CHEERS to Donna Judge, who brings an uncommon strength to her battle against cancer.
Judge, of Haverhill, was first diagnosed with breast cancer in 2006. It was unexpected, shocking news and Judge was crying hysterically as she told her husband.
“He said I kept saying, ‘I don’t want to die,” Judge told reporter Sara Brown. “I don’t remember that at all. I guess I blocked it out.”
Judge endured eight rounds of chemotherapy and a mastectomy. But four years later, she again was diagnosed with the disease.
Judge is now on her fourth diagnosis of cancer.
Judge, 44, a teachers aide in the Haverhill school system, has endured chemotherapy, radiation and surgeries, including bone resection and chest wall and lymph node dissection. She is now in a clinical trial at Dana-Farber Cancer Institute.
Judge has fought through depression and hair loss but has pressed on with the support of family and friends.
“It has been an interesting ride, for sure,” Judge said.
Judge has kept a positive attitude throughout her cancer fight. Before her first diagnosis, she had started karate lessons. She is now working on her third-degree black belt.
“It’s a great outlet and stress reliever,” Judge said. “Sometimes, it’s good just to hit things.”
Judge has learned some things about herself, too.
“I’m stronger than I thought I was,” Judge said. “I say what I mean and mean what I say. I don’t care if people don’t like me now. If they do, great. If they don’t, I don’t have time for them anymore. Time is precious.”
It is difficult for many to imagine the struggle necessary to beat cancer once, let alone four times. Judge provides a truly inspiration example of inner strength and endurance. We wish her the best in her latest fight and pray for her ultimate victory over this disease.
JEERS to undercooked hamburgers.
A Derry police officer got an unpleasant surprise when he stopped at a local McDonald’s for his weekly treat, a double Quarter Pounder hamburger. But after Officer Rob Moore took a few bites of the burger, he thought it tasted funny. When he looked inside the bun, he found that one of the two beef patties was completely raw.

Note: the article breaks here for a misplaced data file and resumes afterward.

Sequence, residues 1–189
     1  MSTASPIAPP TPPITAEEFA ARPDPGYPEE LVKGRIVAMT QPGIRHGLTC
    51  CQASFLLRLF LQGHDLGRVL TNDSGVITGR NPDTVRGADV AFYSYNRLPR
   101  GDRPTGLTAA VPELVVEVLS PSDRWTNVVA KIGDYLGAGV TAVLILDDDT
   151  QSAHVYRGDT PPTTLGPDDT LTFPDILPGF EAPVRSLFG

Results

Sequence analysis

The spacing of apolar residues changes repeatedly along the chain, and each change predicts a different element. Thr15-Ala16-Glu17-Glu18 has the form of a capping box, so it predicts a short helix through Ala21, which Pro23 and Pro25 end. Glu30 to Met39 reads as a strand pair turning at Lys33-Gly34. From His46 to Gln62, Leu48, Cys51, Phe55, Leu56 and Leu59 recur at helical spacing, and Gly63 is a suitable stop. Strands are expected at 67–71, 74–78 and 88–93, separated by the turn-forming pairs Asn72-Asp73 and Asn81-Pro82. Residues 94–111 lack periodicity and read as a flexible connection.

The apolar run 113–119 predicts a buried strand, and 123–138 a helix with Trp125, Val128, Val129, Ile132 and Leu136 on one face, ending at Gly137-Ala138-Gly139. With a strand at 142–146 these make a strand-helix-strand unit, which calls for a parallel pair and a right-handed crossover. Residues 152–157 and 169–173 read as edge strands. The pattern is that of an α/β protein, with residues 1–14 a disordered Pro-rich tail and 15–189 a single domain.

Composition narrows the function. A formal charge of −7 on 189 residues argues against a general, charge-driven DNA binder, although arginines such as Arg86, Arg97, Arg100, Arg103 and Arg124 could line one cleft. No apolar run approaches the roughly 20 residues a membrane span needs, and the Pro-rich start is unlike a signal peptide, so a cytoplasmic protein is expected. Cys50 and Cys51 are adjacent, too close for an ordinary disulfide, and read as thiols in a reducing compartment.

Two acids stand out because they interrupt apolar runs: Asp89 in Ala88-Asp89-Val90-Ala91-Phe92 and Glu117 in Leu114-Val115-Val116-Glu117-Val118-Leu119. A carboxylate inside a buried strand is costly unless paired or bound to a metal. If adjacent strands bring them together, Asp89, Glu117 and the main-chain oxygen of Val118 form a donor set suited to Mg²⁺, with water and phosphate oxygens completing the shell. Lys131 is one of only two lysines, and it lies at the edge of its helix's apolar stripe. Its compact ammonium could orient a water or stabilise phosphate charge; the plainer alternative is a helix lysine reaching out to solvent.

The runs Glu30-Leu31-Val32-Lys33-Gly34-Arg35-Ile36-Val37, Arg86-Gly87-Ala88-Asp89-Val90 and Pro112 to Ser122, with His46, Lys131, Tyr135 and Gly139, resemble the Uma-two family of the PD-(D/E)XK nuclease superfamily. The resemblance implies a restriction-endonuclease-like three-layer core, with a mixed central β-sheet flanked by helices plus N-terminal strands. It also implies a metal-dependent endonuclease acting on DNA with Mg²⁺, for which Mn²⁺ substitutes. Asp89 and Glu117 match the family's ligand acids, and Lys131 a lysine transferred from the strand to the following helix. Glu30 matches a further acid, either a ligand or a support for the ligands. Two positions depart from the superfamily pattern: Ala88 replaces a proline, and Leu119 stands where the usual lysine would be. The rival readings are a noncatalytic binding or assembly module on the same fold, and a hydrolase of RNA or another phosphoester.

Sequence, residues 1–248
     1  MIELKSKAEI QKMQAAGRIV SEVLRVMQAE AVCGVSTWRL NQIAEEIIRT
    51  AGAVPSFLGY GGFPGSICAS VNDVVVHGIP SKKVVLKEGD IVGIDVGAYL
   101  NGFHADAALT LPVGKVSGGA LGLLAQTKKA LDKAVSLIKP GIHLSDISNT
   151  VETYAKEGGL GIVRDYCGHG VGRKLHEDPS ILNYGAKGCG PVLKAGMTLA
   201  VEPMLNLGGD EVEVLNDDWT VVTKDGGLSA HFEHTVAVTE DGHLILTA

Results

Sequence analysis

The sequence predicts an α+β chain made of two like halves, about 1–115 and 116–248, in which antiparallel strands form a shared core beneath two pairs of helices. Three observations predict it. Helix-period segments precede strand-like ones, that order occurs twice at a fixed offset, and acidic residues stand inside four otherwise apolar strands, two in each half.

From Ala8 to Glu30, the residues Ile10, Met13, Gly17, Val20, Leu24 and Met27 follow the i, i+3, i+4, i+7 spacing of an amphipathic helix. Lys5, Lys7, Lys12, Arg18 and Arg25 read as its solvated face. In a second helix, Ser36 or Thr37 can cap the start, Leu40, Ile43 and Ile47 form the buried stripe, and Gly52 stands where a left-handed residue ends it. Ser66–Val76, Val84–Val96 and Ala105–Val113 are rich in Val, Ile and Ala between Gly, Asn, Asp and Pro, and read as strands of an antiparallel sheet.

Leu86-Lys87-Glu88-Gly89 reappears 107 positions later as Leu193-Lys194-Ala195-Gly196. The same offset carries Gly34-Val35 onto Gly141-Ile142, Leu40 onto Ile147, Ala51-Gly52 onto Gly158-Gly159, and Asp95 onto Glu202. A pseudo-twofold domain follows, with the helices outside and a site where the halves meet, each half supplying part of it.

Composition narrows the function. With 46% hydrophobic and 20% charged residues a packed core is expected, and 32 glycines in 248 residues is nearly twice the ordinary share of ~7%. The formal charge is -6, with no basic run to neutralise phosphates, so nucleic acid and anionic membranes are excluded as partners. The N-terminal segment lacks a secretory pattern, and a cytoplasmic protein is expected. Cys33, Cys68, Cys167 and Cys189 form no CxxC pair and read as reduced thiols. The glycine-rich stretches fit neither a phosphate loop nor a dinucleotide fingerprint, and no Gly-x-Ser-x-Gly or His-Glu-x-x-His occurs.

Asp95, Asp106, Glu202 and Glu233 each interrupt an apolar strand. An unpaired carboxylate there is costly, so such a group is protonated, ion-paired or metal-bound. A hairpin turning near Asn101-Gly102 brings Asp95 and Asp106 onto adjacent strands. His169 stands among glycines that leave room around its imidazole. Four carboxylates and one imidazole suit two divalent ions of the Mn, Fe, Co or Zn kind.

“It was absolutely disgusting,” Moore told reporter Alex Lippa. “I just couldn’t believe what I was just served.”
What’s worse, Moore does not believe he was served a raw hamburger by accident. Moore said he believes it was intentional.
“I was the only one in the drive-through line and I was in full uniform,” Moore said. “After I pulled up to the window, the teenager there gave me a look. I don’t really believe this was just an accident.”
Moore finished his shift but was sick at home all that night and the next day. He called the manager of the McDonald’s to complain. The manager apologized and later Moore received a call from the franchise owner.
“They told me they had this video and the kid knew it wasn’t cooked,” Moore said. “Then they said they were looking to fire the kid who made the burger for unsafe food practices.”
Owner Emile Haddad would not confirm whether the employee had been fired.
“We take matters regarding food safety and quality very seriously,” Haddad told Lippa. “We are currently investigating this matter and working to resolve any potential issues.”
Moore said he is usually careful about what he eats and drinks.
“If I’m doing a traffic detail and someone hands me a coffee, I’m not going to drink it,” he said. “Who knows what someone could put in it?”
It’s unfortunate but necessary that, as a police officer, Moore has to take such precautions. There are a lot of sick people out there.
It’s bad enough that police officers have to worry about people shooting at them or trying to run them over with cars without having to wonder if some clown thinks it would be funny to do something unspeakable to their lunch.